If we were always direct in all our communications, the world would be a boring place — when it wasn't busy being dangerous and explosive. Many cultures (including my own) value directness, but indirectness has its uses, and we'd all benefit if everyone understood better when to use it.
Uses of indirectness abound. For example, consider the question, "How do you like my new haircut?" Even if we customarily lie, we all recognize the evasive reply, "Interesting…"
Here are just some of the uses of indirectness at work.
- Deference to authority
- Sometimes deference to authority is essential to survival within the organization, especially when conveying criticism. Indirectness can provide a means to surface important information. Yet, in extreme situations, even indirectness can be risky.
- Mitigating the risk of offense
- Conveying information to someone directly can risk offense, especially in the absence of a request for it. We can mitigate this risk by asking permission to make the offer, as in, "I have something on that, would you like to hear it?" Even then, some risk does remain. An indirect approach can be a less risky way to offer it. For instance, "If you want some background on that, let me know."
- Deferring to those in pain
- We'd all benefit if
everyone understood better
when to use indirectness
- When emotions are raw, and people are hurting, direct approaches are often rejected — if they don't make things even worse. Sometimes it's best to wait for healing, but indirectness can provide a channel for urgent communications.
- Maintaining deniability
- Sometimes it's necessary to convey information covertly, especially when you work in a politically unsafe environment. Hinting, suggesting, and speaking to be overheard are sometimes used this way. Of course, the lack of safety is fundamental, and it must be addressed, but short-term needs sometimes intervene before you find the long-term solution. Using indirectness for this purpose can be a signal that it's time to either resolve the safety issue or move on.
- Preserving or transferring of ownership
- When the message recipient must take ownership of the information, delivering the message directly can be problematic. Directness can result in a loss of ownership, or it can interfere with transfer of ownership. Using an indirect approach, such as hinting or speaking to be overheard, leaves the way clear for the recipient to assume ownership.
- Leaving space for creativity
- Conveying a direct message to problem solvers can bias their process. It can limit their creativity and it can cause them not to examine possibilities that they otherwise would. Indirect suggestions can give them necessary guidance with significantly less risk of biasing or limiting their creative process.
To whatever degree your own culture values indirectness, be assured that in this age of global teams you'll someday encounter someone who considers you overly direct. Prepare for these situations, if you want to be considered polite. Top Next Issue
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More articles on Workplace Politics:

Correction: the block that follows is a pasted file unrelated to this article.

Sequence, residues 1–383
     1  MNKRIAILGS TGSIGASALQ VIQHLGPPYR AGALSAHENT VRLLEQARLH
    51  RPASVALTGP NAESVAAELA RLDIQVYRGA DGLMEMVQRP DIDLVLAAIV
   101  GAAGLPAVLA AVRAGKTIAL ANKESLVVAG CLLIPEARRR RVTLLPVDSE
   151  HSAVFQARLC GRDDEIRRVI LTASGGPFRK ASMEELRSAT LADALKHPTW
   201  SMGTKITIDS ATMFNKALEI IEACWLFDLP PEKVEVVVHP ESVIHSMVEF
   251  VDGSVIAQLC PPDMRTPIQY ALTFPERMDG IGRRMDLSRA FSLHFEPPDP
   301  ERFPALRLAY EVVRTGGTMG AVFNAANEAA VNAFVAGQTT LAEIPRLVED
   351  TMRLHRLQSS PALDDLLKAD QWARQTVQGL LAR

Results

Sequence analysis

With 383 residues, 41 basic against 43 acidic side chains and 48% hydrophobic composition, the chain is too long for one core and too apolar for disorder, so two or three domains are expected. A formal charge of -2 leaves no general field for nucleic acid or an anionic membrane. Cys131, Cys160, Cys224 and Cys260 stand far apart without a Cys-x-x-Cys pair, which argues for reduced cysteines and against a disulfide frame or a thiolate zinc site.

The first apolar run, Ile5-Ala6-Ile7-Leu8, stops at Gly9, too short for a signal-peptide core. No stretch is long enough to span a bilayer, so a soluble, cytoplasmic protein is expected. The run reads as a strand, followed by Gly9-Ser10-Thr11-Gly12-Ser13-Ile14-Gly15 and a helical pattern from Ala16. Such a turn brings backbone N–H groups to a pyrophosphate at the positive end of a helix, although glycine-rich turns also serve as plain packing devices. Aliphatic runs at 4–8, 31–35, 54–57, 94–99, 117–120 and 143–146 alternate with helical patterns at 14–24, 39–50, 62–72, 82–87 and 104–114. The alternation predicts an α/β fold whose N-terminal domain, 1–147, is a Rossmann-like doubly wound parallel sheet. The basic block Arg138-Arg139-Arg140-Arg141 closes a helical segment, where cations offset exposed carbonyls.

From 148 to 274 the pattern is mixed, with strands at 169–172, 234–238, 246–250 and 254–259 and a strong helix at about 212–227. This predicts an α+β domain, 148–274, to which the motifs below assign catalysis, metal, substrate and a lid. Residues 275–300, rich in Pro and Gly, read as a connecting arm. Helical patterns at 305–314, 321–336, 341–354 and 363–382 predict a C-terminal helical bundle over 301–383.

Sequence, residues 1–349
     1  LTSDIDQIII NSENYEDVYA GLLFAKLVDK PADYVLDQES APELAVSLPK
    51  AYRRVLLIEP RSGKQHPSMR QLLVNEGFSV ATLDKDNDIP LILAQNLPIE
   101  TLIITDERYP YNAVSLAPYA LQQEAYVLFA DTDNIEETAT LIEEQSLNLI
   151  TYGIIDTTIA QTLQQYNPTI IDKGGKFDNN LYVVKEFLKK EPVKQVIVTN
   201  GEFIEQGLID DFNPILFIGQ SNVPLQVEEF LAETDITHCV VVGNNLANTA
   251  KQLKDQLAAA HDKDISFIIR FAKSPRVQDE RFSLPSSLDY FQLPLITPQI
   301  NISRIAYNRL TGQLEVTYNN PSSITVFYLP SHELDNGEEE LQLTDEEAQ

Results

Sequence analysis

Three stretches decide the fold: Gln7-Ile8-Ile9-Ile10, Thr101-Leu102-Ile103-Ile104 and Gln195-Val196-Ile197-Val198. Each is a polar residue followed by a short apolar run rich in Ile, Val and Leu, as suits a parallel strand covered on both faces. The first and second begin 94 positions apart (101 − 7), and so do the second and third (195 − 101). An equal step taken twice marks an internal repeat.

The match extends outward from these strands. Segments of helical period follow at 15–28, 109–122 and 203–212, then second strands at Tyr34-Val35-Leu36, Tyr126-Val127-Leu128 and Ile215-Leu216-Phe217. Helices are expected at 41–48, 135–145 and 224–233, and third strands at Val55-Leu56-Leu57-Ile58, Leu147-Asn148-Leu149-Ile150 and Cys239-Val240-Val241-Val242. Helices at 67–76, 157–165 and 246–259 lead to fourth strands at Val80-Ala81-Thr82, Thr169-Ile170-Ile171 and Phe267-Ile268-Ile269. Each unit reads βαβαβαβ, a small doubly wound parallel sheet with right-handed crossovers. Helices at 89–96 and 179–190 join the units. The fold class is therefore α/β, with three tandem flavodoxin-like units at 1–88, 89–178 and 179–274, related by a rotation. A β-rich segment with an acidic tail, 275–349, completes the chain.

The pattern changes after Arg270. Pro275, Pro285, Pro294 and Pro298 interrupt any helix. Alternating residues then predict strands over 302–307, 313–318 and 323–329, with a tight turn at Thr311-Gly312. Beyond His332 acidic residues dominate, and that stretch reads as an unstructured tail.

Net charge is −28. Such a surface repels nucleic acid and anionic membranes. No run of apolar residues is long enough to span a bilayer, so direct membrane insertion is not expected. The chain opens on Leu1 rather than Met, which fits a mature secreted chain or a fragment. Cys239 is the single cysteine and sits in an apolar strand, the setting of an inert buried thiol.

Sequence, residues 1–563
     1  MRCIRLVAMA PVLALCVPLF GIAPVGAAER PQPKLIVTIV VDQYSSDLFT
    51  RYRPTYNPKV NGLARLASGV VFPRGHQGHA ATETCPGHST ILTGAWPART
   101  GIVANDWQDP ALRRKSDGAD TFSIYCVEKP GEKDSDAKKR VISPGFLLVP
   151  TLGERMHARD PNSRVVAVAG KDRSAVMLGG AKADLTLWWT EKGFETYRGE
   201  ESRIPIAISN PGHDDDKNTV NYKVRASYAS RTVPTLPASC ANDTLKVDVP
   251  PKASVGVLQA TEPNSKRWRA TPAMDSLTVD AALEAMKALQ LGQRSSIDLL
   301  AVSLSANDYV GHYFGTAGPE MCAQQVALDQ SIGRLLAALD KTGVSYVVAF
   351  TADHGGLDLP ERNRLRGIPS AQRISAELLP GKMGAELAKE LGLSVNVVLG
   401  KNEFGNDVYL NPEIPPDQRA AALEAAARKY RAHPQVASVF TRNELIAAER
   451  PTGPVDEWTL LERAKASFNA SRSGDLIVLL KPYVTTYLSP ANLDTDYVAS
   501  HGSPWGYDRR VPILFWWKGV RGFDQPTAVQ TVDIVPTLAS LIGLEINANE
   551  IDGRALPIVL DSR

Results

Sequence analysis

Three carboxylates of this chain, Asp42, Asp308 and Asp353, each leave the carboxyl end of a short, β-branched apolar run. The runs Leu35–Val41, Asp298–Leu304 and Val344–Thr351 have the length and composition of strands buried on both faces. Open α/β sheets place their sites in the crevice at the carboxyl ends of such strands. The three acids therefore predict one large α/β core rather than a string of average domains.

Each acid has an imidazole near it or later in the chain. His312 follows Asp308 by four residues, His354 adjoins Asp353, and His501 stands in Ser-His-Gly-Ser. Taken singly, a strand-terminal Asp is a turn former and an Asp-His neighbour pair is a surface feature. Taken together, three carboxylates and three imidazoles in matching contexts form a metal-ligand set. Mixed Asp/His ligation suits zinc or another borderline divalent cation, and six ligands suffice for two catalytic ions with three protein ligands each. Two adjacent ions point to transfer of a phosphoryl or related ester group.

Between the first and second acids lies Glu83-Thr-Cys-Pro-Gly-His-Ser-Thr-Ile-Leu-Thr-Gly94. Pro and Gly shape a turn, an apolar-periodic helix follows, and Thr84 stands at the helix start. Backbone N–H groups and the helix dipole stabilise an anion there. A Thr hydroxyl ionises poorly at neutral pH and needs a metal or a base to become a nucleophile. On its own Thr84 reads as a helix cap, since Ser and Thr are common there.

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of us confuse accountability with blame. What's the difference between them? How can we keep blame at bay?
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- Appearance Antipatterns: II
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- And on October 30: Power Distance and Risk
- Managing or responding to project risks is much easier when team culture encourages people to report problems and question any plans they have reason to doubt. Here are five examples that show how such encouragement helps to manage risk. Available here and by RSS on October 30.
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On 14 December 1911, four men led by Roald Amundsen reached the South Pole. Thirty-five days later, Robert F. Scott and four others followed. Amundsen had won the race to the pole. Amundsen's party returned to base on 26 January 1912. Scott's party perished. As historical drama, why this happened is interesting enough. But to organizational leaders, business analysts, project sponsors, and project managers, the story is fascinating. We'll use the history of this event to explore lessons in leadership and its application to organizational efforts. A fascinating and refreshing look at leadership from the vantage point of history. Read more about this program.
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- Baldwin-Wallace University, 275 Eastland Road, Berea, Ohio 44017: November 7, Kerzner Lecture Series/International Project Management Day, sponsored by Baldwin Wallace University and the Northeast Ohio Chapter of the Project Management Institute. Register now.
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Many people who possess real organizational power have a characteristic demeanor. It's the way they project their presence. I call this the power affect. Some people — call them power pretenders — adopt the power affect well before they attain significant organizational power. Unfortunately for their colleagues, and for their organizations, power pretenders can attain organizational power out of proportion to their merit or abilities. Understanding the power affect is therefore important for anyone who aims to attain power, or anyone who works with power pretenders. Read more about this program.
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